The Ignite! video makes clear the enervating, rote approach to learning taken by the Bush family. While this may not be an advance in actual education, it does serve to enrich Neil Bush and commodify teachers. In concept it is much like Channel One, whereby Chris Whittle enriched himself forcing millions of primary school students to watch repackaged TV News sandwiched between corporate advertising.
Responding to a question from the Arab News reporter about the "people who tell him they are not happy with his brother's foreign policy," Bush said: "Don't forget, I am the son of a president who I deeply respect and admire and who is admired a lot in this region. I think my dad has demonstrated in his policy how sensitive he is to culture, how bringing people together and how dialogue and conversation can lead to peace... And even when there is aggression you know you can deal with it in a way that is wise and judicious."
As to the sitting president, Bush said that he thought "people need to be fair about the position my brother is in. My brother is president at a time in history that we have never seen before as Americans. Our country was attacked viciously, and I think everybody in the world recognizes that. The reaction he has had to it in part reflects the deep hurt of the tragedy that struck us on Sept. 11, 2001. He is doing what he thinks is right."
Bush also pointed out that he tries to not get into his brother's political business. "I have a personal policy similar to my dad's policy and that is I don't discuss politics with my brother," Bush said. "He is an elected president. He never appointed me to be his secretary of state. I love my brother as a brother. He has two children; I have six now, so we talk about life in general. We have a lot in common. But he doesn't talk about my business and I don't talk about his. When he retires we will have plenty of good chats."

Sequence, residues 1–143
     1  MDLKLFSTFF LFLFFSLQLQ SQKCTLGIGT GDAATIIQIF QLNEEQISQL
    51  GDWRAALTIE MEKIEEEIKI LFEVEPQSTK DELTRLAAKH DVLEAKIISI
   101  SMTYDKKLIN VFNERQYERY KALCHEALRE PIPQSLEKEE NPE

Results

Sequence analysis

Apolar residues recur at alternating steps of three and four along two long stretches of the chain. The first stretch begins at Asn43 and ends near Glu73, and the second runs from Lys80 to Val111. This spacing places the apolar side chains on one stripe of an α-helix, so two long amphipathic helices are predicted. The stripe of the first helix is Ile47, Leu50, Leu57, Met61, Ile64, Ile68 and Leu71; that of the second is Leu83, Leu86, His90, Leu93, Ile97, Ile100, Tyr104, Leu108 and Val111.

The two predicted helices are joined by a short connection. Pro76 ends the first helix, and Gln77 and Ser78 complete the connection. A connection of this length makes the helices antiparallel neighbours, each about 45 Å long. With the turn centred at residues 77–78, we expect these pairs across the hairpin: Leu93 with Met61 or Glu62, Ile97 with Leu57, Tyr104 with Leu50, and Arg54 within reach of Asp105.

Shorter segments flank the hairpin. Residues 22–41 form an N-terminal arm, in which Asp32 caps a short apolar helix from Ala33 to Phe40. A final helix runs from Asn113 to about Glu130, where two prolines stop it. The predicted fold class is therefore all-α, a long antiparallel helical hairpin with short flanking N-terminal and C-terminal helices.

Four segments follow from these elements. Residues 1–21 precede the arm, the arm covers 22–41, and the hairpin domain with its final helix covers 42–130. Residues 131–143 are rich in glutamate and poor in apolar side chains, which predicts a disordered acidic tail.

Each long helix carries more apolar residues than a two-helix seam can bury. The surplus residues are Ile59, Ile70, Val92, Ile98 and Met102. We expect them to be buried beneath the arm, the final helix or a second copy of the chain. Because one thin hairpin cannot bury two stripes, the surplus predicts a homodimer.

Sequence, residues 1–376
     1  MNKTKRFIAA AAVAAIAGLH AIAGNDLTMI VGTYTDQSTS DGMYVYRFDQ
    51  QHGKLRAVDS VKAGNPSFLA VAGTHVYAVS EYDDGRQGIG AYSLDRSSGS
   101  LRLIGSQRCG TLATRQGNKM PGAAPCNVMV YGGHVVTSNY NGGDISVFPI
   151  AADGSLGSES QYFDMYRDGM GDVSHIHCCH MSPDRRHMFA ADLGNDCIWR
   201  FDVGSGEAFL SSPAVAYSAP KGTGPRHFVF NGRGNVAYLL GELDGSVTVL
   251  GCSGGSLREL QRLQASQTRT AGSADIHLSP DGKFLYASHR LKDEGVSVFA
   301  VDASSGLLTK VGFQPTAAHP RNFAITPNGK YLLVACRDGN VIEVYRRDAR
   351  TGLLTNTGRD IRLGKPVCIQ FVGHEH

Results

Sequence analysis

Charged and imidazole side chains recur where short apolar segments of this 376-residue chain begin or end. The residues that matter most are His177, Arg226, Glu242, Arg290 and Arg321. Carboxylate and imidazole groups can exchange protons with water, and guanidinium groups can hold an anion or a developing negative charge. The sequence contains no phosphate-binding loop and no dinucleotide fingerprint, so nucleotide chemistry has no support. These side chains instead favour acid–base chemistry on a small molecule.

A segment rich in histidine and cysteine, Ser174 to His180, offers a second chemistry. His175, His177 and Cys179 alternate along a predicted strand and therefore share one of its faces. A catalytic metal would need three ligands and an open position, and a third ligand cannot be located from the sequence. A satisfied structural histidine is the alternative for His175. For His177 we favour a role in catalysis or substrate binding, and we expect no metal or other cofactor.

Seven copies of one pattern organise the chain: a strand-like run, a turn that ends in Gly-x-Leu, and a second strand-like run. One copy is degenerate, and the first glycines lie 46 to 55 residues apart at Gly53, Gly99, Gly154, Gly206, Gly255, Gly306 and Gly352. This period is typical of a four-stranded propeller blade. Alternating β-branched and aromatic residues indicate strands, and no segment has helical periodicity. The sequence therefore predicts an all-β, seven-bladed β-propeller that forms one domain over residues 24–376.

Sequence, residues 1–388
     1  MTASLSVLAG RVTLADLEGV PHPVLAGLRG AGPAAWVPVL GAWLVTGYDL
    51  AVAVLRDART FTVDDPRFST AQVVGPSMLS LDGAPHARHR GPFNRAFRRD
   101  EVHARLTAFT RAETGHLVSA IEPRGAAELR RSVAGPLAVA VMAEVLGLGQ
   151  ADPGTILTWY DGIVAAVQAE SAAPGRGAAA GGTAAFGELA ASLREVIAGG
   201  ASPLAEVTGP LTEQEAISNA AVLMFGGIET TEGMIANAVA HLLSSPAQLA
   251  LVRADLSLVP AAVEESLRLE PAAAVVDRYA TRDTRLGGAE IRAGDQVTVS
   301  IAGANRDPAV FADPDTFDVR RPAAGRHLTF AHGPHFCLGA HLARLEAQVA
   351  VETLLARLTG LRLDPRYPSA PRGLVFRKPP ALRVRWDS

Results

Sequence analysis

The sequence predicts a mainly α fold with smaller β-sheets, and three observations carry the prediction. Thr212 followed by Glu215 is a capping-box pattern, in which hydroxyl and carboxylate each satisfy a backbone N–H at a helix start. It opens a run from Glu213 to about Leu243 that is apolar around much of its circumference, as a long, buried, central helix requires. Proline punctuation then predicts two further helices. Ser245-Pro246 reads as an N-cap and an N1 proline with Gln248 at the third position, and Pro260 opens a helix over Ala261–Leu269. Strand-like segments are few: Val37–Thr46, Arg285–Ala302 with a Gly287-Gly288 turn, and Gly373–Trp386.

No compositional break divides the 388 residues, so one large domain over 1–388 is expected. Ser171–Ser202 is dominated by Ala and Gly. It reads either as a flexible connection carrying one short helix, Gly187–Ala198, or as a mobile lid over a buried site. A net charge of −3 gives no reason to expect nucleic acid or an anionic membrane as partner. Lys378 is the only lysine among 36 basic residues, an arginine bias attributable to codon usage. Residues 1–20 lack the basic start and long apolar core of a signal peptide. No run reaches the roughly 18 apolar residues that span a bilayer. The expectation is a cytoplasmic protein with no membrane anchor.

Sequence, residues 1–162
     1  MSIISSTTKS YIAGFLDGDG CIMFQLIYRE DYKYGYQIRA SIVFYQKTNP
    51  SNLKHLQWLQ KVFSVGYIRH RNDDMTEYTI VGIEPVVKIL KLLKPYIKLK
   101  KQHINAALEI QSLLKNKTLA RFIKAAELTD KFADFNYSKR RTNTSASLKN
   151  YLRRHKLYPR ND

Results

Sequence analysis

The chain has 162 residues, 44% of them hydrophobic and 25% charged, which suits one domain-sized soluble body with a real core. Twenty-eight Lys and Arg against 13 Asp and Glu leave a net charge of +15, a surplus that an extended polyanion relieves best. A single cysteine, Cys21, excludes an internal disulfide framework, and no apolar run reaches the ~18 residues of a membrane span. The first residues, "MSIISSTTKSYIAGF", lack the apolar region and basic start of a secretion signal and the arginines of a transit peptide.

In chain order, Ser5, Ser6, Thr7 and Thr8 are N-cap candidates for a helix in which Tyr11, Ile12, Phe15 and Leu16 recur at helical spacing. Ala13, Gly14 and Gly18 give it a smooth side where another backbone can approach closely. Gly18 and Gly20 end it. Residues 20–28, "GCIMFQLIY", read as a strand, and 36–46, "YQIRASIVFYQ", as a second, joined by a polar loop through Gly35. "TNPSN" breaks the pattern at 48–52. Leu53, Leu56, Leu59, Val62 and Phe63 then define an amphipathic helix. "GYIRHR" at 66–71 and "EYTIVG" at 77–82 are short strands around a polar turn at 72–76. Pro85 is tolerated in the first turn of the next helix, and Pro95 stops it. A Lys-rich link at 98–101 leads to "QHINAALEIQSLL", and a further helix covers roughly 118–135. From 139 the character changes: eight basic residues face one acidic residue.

If you didn't know Neil Bush's back-story, the Arab News interview would be of little help. A few key points: As a member of the board of directors, Bush was involved in the bilking of Silverado Savings and Loan during the 1980s savings and loan crisis; in July 1999, Bush made at least $798,000 on three stock trades in a single day of the Taunton, Massachusetts-based Kopin Corporation, a company where he had been employed as a consultant; in 2002, Bush signed a consulting contract that paid $2 million dollars in stock over five years to work for Grace Semiconductor Manufacturing Corp., a firm backed by Jiang Mianheng, the son of former Chinese President Jiang Zemin, plus $10,000 for every board meeting he attends; in 2005, Bush accompanied the Rev. Sun Myung Moon (another family patron) on part of his world tour promoting Moon's idea for a Universal Peace Federation.